LAS VEGAS — Republican state Attorney General Adam Laxalt made his gubernatorial aspirations official Wednesday in Las Vegas where he spoke to a crowd about personal matters, including his struggle with alcoholism and family history, as well as his vision for turning Nevada into the most economically prosperous state in region.

Laxalt, the presumed GOP front-runner, plans to visit the state’s 17 counties in the span of a week to promote his bid to replace term-limited Republican Gov. Brian Sandoval. State Treasurer Dan Schwartz and Las Vegas bicycle shop businessman and political newcomer Jared Fisher are also seeking the Republican nomination for governor.

“Nevada must be the most economically competitive state in the American West,” Laxalt told the crowd of about 200 people gathered at the warehouse of a janitorial supply distribution company. “It must be a place where businesses can thrive, our families can prosper and every Nevadan can work towards a better life.”

Without providing any specifics, he called for “smart reforms that keep taxes low,” as well as limit regulations, lead to job growth, attract entrepreneurs and prepare the workforce with the skills for well-paying jobs.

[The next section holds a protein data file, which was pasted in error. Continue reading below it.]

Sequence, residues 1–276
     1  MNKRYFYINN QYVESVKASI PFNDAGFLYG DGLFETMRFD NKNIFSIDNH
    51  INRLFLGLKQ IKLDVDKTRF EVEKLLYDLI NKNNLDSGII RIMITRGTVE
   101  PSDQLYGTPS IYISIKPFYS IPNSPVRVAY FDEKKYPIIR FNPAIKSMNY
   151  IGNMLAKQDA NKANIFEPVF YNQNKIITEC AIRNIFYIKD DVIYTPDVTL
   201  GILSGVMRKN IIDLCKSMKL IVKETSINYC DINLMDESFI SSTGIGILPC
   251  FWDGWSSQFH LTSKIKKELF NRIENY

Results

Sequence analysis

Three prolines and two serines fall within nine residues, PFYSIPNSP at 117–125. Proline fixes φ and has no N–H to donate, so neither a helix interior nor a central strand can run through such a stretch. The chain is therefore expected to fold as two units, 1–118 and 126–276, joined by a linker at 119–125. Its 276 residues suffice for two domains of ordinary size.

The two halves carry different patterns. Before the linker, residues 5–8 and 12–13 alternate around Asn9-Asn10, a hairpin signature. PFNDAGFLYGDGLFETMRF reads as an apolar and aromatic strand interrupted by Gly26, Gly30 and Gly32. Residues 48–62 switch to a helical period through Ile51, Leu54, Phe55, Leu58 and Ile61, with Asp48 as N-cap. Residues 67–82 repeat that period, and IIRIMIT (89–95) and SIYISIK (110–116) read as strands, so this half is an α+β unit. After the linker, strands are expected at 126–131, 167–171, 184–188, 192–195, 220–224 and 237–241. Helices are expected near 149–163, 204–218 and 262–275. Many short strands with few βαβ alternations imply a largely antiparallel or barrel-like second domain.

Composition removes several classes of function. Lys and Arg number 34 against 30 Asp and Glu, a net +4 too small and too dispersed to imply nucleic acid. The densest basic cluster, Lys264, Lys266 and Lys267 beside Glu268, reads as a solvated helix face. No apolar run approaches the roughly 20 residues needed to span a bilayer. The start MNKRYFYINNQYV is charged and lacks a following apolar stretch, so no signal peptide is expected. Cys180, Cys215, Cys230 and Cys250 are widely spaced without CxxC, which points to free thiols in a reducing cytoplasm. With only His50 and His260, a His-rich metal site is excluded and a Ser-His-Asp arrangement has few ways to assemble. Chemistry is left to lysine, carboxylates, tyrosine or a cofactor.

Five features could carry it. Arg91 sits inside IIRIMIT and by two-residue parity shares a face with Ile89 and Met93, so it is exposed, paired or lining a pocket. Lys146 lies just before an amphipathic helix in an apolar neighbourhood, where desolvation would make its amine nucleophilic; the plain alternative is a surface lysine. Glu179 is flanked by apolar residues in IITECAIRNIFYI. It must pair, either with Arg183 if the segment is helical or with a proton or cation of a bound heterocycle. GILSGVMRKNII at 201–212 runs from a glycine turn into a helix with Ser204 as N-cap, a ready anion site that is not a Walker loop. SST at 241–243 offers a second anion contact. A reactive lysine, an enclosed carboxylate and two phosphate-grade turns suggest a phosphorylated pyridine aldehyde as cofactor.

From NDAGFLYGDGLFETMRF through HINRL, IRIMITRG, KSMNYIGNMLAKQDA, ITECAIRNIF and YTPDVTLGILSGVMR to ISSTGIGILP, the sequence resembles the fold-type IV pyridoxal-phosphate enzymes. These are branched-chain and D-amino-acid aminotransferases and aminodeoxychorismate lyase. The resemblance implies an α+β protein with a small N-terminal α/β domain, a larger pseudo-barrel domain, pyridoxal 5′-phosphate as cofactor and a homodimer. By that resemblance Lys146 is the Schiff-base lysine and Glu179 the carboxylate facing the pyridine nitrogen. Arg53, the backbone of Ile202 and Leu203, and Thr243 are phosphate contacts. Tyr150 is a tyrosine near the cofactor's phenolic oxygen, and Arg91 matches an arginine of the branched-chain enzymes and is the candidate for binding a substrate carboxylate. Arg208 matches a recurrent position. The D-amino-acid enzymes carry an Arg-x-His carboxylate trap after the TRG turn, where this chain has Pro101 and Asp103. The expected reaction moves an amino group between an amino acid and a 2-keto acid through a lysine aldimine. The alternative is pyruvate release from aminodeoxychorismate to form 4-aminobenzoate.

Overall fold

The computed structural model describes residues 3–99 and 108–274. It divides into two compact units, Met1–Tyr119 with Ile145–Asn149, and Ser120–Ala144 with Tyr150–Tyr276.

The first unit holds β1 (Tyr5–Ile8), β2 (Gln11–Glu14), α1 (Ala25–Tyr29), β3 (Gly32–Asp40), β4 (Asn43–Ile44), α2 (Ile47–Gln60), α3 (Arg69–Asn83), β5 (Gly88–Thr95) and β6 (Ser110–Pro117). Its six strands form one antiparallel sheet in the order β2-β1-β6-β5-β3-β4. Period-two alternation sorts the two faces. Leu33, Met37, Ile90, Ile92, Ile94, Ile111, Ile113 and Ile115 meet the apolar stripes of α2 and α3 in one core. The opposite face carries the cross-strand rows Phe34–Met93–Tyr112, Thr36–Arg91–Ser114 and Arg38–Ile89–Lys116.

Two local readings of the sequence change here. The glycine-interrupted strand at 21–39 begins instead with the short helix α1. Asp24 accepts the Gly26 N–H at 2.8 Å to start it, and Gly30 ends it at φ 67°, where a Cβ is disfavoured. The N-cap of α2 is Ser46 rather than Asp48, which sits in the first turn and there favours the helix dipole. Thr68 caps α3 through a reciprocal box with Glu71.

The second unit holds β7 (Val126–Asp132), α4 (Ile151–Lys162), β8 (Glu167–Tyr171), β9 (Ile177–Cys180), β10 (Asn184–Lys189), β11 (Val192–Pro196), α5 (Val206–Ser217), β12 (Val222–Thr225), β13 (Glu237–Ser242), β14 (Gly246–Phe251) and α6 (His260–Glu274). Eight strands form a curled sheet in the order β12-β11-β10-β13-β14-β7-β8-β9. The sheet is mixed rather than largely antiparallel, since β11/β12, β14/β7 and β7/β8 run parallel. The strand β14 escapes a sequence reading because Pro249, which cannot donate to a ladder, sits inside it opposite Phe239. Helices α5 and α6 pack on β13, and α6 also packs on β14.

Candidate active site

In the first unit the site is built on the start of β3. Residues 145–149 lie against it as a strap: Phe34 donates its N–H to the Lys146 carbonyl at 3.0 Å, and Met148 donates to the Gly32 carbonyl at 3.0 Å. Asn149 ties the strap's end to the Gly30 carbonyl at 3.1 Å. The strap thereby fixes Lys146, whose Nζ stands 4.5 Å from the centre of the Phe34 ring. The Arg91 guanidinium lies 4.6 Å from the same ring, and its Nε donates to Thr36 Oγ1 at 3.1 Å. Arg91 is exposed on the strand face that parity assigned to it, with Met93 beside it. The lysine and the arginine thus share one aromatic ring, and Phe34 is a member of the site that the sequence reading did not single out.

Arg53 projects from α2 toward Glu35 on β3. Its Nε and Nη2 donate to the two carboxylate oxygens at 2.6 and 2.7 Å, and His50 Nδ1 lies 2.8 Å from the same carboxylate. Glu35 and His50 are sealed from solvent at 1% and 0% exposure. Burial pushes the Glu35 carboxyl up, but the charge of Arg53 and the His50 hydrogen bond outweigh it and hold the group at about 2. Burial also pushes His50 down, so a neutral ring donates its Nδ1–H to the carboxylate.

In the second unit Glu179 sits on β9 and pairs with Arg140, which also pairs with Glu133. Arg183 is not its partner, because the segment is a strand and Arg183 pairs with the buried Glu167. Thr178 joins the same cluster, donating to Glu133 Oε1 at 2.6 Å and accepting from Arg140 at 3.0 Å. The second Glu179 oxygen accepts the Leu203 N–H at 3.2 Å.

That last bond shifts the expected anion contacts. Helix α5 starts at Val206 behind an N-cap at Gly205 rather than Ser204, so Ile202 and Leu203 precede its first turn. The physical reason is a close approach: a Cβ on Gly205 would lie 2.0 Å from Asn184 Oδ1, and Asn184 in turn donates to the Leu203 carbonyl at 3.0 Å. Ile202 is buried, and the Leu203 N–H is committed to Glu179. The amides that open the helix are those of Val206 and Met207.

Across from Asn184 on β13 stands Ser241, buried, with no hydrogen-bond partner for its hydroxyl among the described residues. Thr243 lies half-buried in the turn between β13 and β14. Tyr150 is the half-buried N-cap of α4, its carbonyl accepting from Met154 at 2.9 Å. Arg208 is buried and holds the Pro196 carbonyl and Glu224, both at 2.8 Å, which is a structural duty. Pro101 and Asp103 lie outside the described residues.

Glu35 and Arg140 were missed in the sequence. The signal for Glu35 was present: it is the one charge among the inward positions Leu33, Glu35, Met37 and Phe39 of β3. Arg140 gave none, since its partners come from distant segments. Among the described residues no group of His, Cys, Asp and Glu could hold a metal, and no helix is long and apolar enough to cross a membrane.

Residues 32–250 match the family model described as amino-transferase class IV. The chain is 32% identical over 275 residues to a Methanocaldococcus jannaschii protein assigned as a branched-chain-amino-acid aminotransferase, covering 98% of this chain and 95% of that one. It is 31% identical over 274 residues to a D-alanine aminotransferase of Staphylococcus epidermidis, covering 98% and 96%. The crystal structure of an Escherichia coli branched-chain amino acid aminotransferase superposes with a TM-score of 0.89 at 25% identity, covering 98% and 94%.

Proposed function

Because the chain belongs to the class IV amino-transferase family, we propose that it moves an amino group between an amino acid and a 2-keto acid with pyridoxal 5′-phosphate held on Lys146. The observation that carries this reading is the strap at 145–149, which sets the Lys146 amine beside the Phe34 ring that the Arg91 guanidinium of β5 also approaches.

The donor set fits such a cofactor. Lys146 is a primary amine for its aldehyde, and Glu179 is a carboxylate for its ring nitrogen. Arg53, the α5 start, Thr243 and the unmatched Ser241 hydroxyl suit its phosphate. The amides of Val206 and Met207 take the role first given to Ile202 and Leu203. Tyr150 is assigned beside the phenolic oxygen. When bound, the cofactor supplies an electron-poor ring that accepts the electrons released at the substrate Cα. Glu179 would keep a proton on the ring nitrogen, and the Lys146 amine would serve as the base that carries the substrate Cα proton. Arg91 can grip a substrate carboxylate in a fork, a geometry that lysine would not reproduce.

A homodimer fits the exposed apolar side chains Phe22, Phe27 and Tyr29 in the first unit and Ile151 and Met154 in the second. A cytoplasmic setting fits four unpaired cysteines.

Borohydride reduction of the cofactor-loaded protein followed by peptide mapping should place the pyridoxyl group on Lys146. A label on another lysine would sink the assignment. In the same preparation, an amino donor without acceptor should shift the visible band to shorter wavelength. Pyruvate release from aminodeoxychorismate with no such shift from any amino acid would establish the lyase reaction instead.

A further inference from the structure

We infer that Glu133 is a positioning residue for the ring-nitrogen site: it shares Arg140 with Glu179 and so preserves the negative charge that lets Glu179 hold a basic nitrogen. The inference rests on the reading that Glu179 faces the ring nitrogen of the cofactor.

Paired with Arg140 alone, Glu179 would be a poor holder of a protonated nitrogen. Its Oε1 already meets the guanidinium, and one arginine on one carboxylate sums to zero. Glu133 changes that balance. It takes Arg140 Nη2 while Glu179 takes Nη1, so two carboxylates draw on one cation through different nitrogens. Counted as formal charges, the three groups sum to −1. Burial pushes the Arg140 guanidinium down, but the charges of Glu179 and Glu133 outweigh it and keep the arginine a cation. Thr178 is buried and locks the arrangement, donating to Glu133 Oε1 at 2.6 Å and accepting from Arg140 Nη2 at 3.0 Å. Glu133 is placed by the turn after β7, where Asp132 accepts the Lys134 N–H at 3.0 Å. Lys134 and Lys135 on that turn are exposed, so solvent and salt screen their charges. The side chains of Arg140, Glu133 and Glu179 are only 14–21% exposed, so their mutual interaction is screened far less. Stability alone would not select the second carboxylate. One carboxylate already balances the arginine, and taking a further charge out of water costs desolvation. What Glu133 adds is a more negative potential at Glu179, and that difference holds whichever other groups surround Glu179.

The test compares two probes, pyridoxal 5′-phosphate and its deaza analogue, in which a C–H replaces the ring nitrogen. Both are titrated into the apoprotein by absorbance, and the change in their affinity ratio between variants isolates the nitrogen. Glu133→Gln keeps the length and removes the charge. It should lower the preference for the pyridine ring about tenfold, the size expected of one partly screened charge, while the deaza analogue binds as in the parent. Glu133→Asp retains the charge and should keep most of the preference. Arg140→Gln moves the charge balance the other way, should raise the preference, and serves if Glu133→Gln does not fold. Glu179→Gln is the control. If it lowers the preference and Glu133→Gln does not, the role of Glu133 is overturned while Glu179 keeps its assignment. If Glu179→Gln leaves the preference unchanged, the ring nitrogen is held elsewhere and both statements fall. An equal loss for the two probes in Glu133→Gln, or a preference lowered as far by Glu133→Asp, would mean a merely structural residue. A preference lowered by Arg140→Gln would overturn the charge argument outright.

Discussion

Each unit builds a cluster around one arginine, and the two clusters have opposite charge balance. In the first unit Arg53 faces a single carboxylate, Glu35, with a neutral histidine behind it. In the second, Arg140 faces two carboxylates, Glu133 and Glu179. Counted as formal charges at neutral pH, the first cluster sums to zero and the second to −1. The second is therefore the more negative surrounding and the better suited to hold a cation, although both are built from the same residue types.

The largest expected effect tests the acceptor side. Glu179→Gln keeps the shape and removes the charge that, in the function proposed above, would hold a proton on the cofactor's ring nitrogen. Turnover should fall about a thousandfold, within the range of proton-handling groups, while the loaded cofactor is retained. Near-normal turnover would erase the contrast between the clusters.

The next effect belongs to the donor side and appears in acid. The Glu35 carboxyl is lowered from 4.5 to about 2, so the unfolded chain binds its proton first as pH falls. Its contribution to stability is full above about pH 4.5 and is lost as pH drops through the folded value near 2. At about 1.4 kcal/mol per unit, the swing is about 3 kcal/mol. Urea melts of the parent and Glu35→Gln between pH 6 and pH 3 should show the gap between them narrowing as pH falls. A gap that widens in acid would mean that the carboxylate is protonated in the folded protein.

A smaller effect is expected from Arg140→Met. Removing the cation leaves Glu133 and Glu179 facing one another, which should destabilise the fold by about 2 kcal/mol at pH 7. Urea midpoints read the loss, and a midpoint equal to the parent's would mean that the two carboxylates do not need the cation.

Laxalt, a former lieutenant in the U.S. Navy, has served as the state’s chief prosecutor since 2015. He is the grandson of former U.S. Sen. and Nevada Gov. Paul Laxalt of whom he spoke of during the at-times personal speech that also mentioned having being raised by a single mother and meeting his father, New Mexico Sen. Pete Domenici, as an adult.

Laxalt had to postpone his announcement for a month after the deadliest mass shooting in modern U.S. history took place Oct. 1 on the Las Vegas Strip.

On Tuesday, Laxalt declined to tell reporters whether he would push to protect the state’s Medicaid program, whose expansion under former President Barack Obama’s Affordable Care Act was embraced by Sandoval. The expansion has allowed more than 200,000 of the poorest and most vulnerable Nevadans to gain coverage.

A crowd of about two dozen protested outside the warehouse that hosted Laxalt’s event. They chanted and held a sign that read: “Laxalt: extremist unethical incompetent.”

The gubernatorial hopeful also addressed long concerning topic for Nevada residents: the consistent low performance of public schools. He suggested finding solutions “that would create choices, not restrict them.”

“Your address may determine where you sleep at night, but it cannot be the primary factor in determining the type of education our kids receive.”

Democrats Chris Giunchigliani and Clark County Commission colleague and chairman Steve Sisolak have said they will seek their party’s gubernatorial nomination.